1. 1798 Map, Mouth of the Columbia River (section of original). (Click to enlarge). Inset map of original, showing the mouth of the Columbia River, including Cape Disappointment, Point Adams, Youngs River, Point George (today's Astoria), and Grays Bay. Original Map: George Vancouver's "A Chart Shewing Part of the Coast of N.W. America." In A Voyage of discovery to the North Pacific ocean, and Round the World. London, 1798. University of Virginia Special Collection "Lewis & Clark, The Maps of Exploration 1507-1814". -- University of Virginia Library Archives Website, 2004
  2. 1814 Map, Lewis and Clark's map of the Columbia River (section of original). (Click to enlarge.) Grays Bay is depicted but not named (large bay on north side of river, just under "Ch innook"). Map includes three of the five volcanoes Lewis and Clark saw and commented on. While the journals mention the expedition seeing Mount Adams, it does not appear on their map. Mount Jefferson is to the south (bottom) and off the map. From the "Nicholas Biddle/Paul Allen" 1814 publication. Original Map: "A Map of Lewis and Clark's Track, Across the Western Portion of North America, From the Mississippi to the Pacific Ocean". From: History of the expedition under the command of Captains Lewis and Clark : to the sources of the Missouri, thence across the Rocky Mountains and down the river Columbia to the Pacific Ocean : performed during the years 1804-5-6 : by order of the government of the United States / prepared for the press by Paul Allen. Philadelphia : Bradford and Insskeep, 1814. Harold B. Lee Library, Brigham Young University #upbover maps37. -- Brigham Young University, Harold B. Lee Library Website, 2004.
  3. 1887 Map, Columbia River from the Mouth to Pillar Rock (section of original). (Click to enlarge). Grays Bay (right of Grays Point) is depicted but not named. Original Map: The Columbia River from Celilo to the mouth showing locations of the salmon fisheries, 1887. Scale ca. 1:375,000, Relief shown by hachures. U.S. Army Corps of Engineers, Engineer Office, G.P.O. 1888. University of Washington Archives #UW128. -- University of Washington Library Archives Website, 2004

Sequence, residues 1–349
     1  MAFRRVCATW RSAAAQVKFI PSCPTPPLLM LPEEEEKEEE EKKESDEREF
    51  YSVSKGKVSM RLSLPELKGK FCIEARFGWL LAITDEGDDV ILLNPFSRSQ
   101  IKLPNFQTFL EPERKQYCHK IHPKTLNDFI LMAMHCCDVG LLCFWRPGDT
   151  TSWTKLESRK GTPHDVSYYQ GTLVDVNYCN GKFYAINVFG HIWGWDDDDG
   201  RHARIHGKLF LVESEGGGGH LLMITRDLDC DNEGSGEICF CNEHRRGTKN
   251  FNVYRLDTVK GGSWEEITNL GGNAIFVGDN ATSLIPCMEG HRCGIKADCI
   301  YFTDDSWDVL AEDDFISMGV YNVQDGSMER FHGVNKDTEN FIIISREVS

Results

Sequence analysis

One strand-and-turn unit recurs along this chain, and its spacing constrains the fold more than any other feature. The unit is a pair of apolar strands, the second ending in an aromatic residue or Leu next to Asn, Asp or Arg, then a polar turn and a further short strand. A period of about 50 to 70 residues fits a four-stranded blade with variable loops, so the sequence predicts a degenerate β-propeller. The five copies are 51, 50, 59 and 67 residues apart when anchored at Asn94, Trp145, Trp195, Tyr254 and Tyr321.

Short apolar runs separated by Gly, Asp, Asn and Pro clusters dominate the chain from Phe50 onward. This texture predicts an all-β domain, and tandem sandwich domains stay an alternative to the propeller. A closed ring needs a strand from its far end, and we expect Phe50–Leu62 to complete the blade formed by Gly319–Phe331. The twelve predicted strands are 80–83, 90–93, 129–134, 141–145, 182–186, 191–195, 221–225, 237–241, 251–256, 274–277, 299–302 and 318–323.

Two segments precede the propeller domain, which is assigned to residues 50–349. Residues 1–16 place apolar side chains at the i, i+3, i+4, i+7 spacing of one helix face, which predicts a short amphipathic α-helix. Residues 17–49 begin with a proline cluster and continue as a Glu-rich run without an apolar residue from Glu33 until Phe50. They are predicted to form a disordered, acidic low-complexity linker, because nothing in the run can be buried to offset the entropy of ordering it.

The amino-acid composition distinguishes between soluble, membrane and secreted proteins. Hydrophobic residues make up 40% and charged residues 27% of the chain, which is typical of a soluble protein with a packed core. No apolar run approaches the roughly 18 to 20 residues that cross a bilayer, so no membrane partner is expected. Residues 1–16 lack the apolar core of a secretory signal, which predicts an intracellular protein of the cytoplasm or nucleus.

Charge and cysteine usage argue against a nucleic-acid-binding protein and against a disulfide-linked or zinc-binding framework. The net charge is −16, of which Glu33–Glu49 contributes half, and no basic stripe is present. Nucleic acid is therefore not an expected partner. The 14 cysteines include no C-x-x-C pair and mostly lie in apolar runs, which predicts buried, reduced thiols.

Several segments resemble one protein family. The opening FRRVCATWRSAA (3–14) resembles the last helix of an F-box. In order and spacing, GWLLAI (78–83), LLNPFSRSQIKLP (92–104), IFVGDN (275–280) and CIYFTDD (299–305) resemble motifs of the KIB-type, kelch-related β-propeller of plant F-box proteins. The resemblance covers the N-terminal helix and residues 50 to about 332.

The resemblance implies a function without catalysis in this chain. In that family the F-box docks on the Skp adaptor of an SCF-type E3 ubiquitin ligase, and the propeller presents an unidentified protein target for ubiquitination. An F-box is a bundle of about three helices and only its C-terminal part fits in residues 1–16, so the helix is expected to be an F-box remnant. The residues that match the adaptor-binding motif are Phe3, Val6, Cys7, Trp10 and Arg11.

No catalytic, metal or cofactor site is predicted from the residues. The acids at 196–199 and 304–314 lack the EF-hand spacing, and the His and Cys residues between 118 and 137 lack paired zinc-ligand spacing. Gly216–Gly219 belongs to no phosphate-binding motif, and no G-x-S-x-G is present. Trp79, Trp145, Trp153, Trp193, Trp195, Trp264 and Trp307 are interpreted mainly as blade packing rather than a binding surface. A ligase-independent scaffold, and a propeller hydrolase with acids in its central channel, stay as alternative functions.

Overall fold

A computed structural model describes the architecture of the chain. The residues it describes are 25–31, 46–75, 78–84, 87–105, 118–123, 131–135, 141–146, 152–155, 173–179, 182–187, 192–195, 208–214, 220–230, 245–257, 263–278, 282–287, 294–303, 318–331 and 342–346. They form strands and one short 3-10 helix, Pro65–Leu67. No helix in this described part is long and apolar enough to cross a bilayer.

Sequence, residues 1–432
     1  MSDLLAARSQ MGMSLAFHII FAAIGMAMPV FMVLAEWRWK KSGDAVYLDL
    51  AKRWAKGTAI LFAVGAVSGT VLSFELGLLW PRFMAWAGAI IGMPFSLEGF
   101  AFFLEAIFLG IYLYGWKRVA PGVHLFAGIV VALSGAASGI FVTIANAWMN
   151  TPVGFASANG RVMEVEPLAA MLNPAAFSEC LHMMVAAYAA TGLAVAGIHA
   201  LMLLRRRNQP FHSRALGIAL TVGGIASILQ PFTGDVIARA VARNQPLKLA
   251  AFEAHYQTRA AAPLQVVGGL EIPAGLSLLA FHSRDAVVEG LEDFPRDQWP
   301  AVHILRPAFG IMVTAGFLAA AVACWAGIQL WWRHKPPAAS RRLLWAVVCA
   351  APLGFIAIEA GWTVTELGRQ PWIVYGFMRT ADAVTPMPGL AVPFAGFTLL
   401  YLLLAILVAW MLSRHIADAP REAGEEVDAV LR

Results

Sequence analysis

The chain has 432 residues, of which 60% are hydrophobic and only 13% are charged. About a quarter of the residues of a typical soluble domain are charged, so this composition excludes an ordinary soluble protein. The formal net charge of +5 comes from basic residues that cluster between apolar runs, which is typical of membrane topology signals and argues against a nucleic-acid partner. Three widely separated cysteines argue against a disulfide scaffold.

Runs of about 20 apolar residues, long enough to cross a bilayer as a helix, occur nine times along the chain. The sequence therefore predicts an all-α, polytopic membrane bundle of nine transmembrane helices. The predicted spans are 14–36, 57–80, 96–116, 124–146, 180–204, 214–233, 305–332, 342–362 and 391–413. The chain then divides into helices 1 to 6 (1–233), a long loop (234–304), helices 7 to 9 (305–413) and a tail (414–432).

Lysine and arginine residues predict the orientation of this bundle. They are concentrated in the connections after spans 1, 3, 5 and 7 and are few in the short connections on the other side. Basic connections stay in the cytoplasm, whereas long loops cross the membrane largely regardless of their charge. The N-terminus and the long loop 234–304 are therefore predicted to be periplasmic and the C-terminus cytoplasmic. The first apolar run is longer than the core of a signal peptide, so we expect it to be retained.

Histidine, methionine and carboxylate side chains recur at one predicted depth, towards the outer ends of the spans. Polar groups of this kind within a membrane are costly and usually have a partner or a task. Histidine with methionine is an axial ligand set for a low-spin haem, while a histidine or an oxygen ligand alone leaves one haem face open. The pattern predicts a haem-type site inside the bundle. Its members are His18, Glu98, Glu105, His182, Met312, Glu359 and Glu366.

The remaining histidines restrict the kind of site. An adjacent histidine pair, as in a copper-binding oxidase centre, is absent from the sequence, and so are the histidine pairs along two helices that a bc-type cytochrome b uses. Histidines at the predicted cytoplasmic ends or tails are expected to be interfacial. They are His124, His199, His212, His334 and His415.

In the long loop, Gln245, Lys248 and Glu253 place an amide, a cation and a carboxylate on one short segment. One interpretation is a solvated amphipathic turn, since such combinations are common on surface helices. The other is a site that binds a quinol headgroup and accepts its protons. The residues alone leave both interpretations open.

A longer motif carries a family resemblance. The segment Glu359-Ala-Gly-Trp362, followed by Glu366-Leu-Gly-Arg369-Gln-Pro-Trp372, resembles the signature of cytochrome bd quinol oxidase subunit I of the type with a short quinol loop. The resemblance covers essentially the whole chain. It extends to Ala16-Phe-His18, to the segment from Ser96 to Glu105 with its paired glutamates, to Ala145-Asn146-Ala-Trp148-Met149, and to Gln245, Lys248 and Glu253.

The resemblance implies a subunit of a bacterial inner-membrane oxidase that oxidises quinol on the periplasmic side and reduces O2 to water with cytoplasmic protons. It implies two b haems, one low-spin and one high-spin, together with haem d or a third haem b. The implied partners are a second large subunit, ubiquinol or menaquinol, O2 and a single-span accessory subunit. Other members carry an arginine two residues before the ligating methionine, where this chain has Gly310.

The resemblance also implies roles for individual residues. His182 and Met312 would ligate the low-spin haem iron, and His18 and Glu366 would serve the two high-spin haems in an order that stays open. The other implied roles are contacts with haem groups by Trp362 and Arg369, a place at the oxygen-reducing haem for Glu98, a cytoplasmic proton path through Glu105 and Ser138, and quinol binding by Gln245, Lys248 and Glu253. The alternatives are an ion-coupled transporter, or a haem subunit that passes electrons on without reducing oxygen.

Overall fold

4. 1987 Map, Grays Bay, Deep River, Miller Point, Grays River (section of original). (Click to enlarge). Office of Coast Surveys, Historical Maps and Charts, Columbia River, Pacific Ocean to Harrington Point, 1987, Chart#18521, 1:40,000. -- NOAA Office of Coast Survey Website, 2004
  5. 2001, NASA Image, Mouth of the Columbia River, including the location of Fort Clatsop. (Click to enlarge). NASA Space Shuttle photograph of the mouth of the Columbia River, including the location of Fort Clatsop, the Lewis and Clark National Wildlife Refuge, Tenasillahe Island, Puget Island, and Crim's Island, June 20, 2001. NASA Astronaut Photography of Earth #SS002-724-30. -- NASA Astronaut Photography of Earth Website, 2002
  6. 2004, Grays Bay, Washington, as seen from the east. (Click to enlarge). Copyright © 2003 Lyn Topinka, private archives, used with permission.


and making a deep bend of nearly five miles into the hills on the right shore, where it receives the waters of several creeks [Deep River (west) and Grays River (east) being the two largest].


Along the Journey - November 8, 1805
Grays River, 2004

Deep River and Grays River:
Deep River flows into the northern part of Grays Bay. This river is used only by small pleasure craft and sport fishermen and for logging operations. Depths of about 6 feet are available for about 2 miles above it's mouth, above which it is shoal and probably good for no more than 2 feet. Grays River enters Grays Bay just east of Deep River, and is another small stream used only by pleasure craft. Depths are not more than 2 feet, and much of the stream is blocked by snags and sunken logs. -- NOAA Office of Coast Survey Website, 2003